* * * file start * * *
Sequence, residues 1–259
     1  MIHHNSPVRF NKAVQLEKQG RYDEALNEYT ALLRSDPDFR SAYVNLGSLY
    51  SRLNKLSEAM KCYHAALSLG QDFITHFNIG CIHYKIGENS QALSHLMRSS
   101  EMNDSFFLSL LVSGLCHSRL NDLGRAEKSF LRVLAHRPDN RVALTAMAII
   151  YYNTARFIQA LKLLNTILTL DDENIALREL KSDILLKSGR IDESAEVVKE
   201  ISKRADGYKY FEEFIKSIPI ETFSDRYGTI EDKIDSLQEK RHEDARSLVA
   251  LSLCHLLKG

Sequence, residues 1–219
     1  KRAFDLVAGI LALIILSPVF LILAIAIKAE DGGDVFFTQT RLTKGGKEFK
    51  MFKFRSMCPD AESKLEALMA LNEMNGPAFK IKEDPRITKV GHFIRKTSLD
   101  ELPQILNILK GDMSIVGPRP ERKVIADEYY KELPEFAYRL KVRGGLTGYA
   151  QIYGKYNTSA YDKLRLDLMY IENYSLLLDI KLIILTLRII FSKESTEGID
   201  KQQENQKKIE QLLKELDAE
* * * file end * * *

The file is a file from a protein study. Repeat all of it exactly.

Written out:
Sequence, residues 1–259
     1  MIHHNSPVRF NKAVQLEKQG RYDEALNEYT ALLRSDPDFR SAYVNLGSLY
    51  SRLNKLSEAM KCYHAALSLG QDFITHFNIG CIHYKIGENS QALSHLMRSS
   101  EMNDSFFLSL LVSGLCHSRL NDLGRAEKSF LRVLAHRPDN RVALTAMAII
   151  YYNTARFIQA LKLLNTILTL DDENIALREL KSDILLKSGR IDESAEVVKE
   201  ISKRADGYKY FEEFIKSIPI ETFSDRYGTI EDKIDSLQEK RHEDARSLVA
   251  LSLCHLLKG

Sequence, residues 1–219
     1  KRAFDLVAGI LALIILSPVF LILAIAIKAE DGGDVFFTQT RLTKGGKEFK
    51  MFKFRSMCPD AESKLEALMA LNEMNGPAFK IKEDPRITKV GHFIRKTSLD
   101  ELPQILNILK GDMSIVGPRP ERKVIADEYY KELPEFAYRL KVRGGLTGYA
   151  QIYGKYNTSA YDKLRLDLMY IENYSLLLDI KLIILTLRII FSKESTEGID
   201  KQQENQKKIE QLLKELDAE